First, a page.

Retrace your steps to the campground – or one of the wild camping spots you’ve chosen along Petain Creek. Remember to follow Leave No Trace principles.

It's a very steep hike up to the Petain Basin
It’s a very steep hike up to the Petain Basin
Ahead is the last bit of scrambling to reach the Petain Basin
Ahead is the last bit of scrambling to reach the Petain Basin
John and I in the Petain Basin, BC
John and I in the Petain Basin

The return hike to the car

On our last day we enjoyed an easy three-hour hike back to the car. The following photos give you an idea of what you’ll see once you’re back in Peter Lougheed Provincial Park.

Looking over to Lower Kananaskis Lake on the way back to the car
Looking over to Lower Kananaskis Lake on the way back to the car
The final stretch of hiking back to the car in Peter Lougheed Provincial Park
The final stretch of hiking back to the car in Peter Lougheed Provincial Park

Getting to the Elk Lakes trailhead in BC

Located in southeastern BC, Elk Lakes Provincial Park is roughly 104 km due north of Sparwood. Take Highway 43 heading north out of Sparwood and follow it for 35 km to reach Elkford. From there continue for about 47 km on the gravel road on the west side of Elk River. When the road crosses the Elk River it joins the Kananaskis Power Line Road. From the crossing of the river to the Elk Lakes trailhead it is a distance of 21.9 km.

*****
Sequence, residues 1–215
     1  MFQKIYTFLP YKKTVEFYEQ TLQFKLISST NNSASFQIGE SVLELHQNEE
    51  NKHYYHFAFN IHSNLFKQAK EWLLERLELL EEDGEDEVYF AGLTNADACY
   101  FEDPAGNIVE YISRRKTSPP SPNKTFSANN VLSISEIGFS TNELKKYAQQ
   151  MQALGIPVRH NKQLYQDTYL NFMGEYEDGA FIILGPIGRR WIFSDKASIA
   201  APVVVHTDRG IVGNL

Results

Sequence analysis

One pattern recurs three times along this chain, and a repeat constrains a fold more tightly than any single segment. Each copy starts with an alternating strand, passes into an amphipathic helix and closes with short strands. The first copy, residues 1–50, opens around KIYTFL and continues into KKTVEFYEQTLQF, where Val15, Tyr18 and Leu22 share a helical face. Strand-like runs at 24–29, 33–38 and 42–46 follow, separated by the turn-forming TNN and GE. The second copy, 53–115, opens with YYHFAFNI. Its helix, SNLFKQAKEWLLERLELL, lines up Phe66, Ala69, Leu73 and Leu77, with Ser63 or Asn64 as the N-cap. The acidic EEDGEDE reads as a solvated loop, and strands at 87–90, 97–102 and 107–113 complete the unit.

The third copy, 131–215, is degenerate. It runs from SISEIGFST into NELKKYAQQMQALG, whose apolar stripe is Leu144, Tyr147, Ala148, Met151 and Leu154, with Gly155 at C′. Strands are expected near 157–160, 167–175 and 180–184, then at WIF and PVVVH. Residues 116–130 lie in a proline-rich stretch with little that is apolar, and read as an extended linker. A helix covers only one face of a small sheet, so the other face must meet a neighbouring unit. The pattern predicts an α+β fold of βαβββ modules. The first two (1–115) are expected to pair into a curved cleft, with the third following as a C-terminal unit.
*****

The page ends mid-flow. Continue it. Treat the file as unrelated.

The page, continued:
Allow the better part of two hours from Sparwood to reach the parking lot. You’ll be on logging roads so pay close attention and always be on the lookout for the big trucks.

Getting to the Elk Lakes Trailhead in Alberta

Its just under a two-hour drive from Calgary to get to the Elk Pass trailhead parking lot in Peter Lougheed Provincial Park. Take the Trans-Canada to the intersection with Highway 40 South. Drive 50 km. Turn southwest onto Kananaskis Lakes Trail. Continue for another 12 km to reach the signed parking lot on the left-hand side of the road.

We didn’t find any signage about overnight parking, so we just left the car at the trailhead with nothing visible in sight to steal.

Map of Elk Lakes Provincial Park showing the trails
Map of Elk Lakes Provincial Park showing the trails

This post includes some affiliate links. If you make a purchase via one of these links, I will receive a small commission at no extra cost to you. 

A few pieces of gear I would recommend for hiking and camping in Elk Lakes Provincial Park

If you are planning to hike to Petain Basin, I think you’ll find hiking poles come in handy, especially on the descent.

To add a little comfort to your camping experience, I’d recommend a camp pillow, a portable French press so you can enjoy a few cups of coffee around the campfire, an easy, lightweight water purification system and a portable camp chair because why not be comfortable on a backpacking trip?

More backpacking trips I’d recommend

Click on the photo to bookmark to your Pinterest boards.

The Elk Lakes - Petain Basin hike in Elk Lakes Provincial Park

 

Leigh McAdam

Leigh McAdam is a Calgary based writer, author, photographer and social media enthusiast with over 61,000 followers. Her blog: HikeBikeTravel is frequently cited as one of the top travel and outdoor adventure blogs in Canada.

Author of Discover Canada: 100 Inspiring Outdoor Adventures
Co-author of 125 Nature Hot Spots in Alberta